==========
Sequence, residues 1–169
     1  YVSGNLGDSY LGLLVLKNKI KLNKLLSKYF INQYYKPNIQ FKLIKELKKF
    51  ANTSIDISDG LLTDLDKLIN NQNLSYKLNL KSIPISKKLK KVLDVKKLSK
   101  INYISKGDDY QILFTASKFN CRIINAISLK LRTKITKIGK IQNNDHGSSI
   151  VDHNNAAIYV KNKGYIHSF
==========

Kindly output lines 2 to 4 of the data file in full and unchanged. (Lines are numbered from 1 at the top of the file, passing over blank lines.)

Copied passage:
     1  YVSGNLGDSY LGLLVLKNKI KLNKLLSKYF INQYYKPNIQ FKLIKELKKF
    51  ANTSIDISDG LLTDLDKLIN NQNLSYKLNL KSIPISKKLK KVLDVKKLSK
   101  INYISKGDDY QILFTASKFN CRIINAISLK LRTKITKIGK IQNNDHGSSI